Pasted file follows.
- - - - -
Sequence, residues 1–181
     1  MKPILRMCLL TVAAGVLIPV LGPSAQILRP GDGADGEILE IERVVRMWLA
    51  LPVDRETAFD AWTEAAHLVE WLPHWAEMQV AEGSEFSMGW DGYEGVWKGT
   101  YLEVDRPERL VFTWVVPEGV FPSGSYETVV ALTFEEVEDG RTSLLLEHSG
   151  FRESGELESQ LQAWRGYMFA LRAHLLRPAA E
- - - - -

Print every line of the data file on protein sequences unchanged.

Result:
Sequence, residues 1–181
     1  MKPILRMCLL TVAAGVLIPV LGPSAQILRP GDGADGEILE IERVVRMWLA
    51  LPVDRETAFD AWTEAAHLVE WLPHWAEMQV AEGSEFSMGW DGYEGVWKGT
   101  YLEVDRPERL VFTWVVPEGV FPSGSYETVV ALTFEEVEDG RTSLLLEHSG
   151  FRESGELESQ LQAWRGYMFA LRAHLLRPAA E